Recruiters for controversial Blackwater Worldwide, which provides “paid contractors” (i.e. - mercenaries) to supplement United States forces in Iraq, apparently distribute consoles and popular video games to spread good will among American forces.
President Cristina Fernández de Kirchner told defence chiefs that Argentina must be prepared to assert its sovereignty and protect its natural resources, as nations compete to claim areas of the region believed to be rich in oil.
The plans threaten to inflame tensions between Britain and Argentina over the Falkland Islands, which the South American nation still considers to be its sovereign territory despite losing a war in 1982.
Sometime late last year, an employee of a McLean investment firm decided to trade some music, or maybe a movie, with like-minded users of the online file-sharing network LimeWire while using a company computer. In doing so, he inadvertently opened the private files of his firm, Wagner Resource Group, to the public.
The media is awash in stories about the stunningly successful rescue operation mounted by the Colombian military that freed 15 long-held hostages from FARC forces. A key part of the operation apparently involved convincing FARC rebels to move the hostages to meet with an “international mission” as the set-up for getting the hostages aboard a Colombian military helicopter and flown to safety. Here’s how CNN describes it:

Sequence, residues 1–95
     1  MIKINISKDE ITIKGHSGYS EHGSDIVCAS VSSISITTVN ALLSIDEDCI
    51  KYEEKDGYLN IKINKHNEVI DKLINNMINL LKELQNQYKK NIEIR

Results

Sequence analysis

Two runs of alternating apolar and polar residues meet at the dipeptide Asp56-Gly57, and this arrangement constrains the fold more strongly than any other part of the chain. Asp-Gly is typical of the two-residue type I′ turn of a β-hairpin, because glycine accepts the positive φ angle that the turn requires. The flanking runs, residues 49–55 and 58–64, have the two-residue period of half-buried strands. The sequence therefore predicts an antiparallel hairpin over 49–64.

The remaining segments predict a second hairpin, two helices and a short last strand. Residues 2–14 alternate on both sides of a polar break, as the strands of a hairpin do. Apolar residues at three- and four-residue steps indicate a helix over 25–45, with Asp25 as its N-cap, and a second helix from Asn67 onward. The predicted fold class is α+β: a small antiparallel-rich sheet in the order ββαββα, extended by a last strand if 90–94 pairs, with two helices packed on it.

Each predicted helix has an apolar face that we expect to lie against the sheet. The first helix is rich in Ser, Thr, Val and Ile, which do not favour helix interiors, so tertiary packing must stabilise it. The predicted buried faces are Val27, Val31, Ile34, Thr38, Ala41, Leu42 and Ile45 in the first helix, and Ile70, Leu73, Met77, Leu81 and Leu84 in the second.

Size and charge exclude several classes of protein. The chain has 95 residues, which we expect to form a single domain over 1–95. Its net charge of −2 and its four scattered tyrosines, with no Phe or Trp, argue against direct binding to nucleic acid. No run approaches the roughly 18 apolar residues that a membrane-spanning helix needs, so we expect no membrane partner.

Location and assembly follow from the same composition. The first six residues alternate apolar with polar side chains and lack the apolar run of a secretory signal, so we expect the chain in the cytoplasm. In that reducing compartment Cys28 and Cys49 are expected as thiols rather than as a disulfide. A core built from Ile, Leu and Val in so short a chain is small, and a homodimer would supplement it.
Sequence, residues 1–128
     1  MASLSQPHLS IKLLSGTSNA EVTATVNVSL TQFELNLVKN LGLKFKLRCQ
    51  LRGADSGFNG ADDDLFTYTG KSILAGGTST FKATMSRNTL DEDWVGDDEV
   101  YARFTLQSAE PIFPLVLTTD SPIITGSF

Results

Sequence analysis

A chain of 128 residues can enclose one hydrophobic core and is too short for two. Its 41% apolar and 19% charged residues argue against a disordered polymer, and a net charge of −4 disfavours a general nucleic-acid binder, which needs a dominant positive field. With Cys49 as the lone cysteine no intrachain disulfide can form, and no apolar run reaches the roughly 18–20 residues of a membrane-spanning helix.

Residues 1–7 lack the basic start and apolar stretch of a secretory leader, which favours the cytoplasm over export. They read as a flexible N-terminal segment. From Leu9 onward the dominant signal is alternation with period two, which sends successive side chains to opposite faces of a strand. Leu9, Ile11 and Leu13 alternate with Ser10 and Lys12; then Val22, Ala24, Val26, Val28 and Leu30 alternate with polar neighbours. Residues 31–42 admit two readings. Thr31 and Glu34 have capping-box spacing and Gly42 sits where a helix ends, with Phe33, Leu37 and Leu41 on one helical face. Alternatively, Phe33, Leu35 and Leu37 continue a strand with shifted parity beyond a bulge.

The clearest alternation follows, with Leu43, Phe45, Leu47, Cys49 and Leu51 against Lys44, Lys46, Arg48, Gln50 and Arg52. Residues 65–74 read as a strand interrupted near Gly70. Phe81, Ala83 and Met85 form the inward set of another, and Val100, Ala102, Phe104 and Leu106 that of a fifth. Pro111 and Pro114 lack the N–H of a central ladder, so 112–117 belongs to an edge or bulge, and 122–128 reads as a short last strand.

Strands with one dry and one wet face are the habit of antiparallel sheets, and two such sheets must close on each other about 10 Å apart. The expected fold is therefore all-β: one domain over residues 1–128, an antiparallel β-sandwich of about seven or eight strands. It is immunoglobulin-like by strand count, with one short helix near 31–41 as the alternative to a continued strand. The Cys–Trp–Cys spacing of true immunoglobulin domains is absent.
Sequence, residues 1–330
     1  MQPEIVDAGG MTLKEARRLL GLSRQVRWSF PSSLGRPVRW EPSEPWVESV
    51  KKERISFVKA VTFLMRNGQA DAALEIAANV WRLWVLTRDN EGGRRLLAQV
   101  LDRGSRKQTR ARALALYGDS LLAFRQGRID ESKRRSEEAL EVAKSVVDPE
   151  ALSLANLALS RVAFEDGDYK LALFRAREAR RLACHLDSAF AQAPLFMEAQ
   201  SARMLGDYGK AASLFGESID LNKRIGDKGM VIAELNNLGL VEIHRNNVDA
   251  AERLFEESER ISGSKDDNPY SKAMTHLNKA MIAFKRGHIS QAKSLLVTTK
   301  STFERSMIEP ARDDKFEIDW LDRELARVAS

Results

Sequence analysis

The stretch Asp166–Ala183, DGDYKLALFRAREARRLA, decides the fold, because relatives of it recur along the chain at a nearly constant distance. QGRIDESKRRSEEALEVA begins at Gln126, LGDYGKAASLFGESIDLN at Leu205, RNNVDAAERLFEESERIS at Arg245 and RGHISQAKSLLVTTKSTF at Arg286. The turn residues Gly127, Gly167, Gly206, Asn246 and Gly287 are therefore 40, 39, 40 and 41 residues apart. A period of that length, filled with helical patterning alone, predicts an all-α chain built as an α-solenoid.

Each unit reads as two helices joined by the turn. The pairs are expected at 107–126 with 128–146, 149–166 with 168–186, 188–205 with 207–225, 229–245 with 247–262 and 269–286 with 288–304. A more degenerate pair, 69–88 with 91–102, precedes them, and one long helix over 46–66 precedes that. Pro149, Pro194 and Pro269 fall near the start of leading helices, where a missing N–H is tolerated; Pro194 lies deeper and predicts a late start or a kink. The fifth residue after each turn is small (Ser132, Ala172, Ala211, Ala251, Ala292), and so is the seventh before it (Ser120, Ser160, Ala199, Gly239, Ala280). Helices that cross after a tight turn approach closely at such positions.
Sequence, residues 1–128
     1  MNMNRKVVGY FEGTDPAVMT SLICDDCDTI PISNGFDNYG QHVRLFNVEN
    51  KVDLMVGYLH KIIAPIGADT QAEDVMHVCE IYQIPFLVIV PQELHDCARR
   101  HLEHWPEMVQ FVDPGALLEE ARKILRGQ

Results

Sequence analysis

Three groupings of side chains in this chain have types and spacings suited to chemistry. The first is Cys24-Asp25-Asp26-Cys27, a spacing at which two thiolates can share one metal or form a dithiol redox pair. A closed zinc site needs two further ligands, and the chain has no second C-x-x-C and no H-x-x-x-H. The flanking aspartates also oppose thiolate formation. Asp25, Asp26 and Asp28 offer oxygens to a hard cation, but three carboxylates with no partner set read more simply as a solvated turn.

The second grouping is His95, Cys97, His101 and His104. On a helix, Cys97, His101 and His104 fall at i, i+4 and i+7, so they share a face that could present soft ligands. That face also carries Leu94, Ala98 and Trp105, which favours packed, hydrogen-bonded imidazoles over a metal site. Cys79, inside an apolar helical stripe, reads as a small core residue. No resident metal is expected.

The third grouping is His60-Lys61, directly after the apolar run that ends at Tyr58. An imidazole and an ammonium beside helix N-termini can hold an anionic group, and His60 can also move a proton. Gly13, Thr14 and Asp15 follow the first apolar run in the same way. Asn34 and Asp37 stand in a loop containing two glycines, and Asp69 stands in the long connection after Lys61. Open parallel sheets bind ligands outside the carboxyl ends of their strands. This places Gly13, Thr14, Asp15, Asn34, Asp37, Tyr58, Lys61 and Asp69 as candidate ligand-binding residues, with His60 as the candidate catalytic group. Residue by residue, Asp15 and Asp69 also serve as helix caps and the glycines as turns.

The agents told their FARC comrades that an “international mission” — such as the Red Cross or a U.N. delegation — was coming to visit the hostages … At the appointed hour, an unmarked white helicopter set down in the jungle along the trekkers’ path. Colombian security forces posing as FARC rebels jumped out, some wearing shirts emblazoned with the likeness of revolutionary icon Che Guevara. The helicopter crew told the 60 or so real rebels that the chopper was going to ferry the hostages to the meeting with the “international mission” …
All 15 hostages were handcuffed and placed aboard the helicopter, along with two of their guards, leaving the rest of the FARC detachment on the ground. Once the chopper was up and safely away from the landing zone, the fake rebels persuaded the real ones aboard to hand them their weapons. Moments later, both rebels were on the floor of the aircraft, cuffed and blindfolded by their erstwhile comrades … A crew member turned and spoke to the hostages. “We are the national military,” he said … “You are free.”
In what must have been one of its the most difficult cases, the European Court yesterday ruled in Gäfgen v. Germany. Yesterday’s judgment is the apex of long and highly publicised judicial proceedings. In 2003, the applicant, Magnus Gäfgen, was sentenced to life imprisonment for the murder of J., the eleven year old son, of a rich bankers family from Frankfurt am Main. Gäfgen had lured the boy into his home and subsequently killed him. That same day he dropped the corpse of the boy into a pond. He had then demanded a ransom of one million euros from the family, without disclosing that J. was already dead. Shortly after picking up the ransom, Gäfgen was arrested.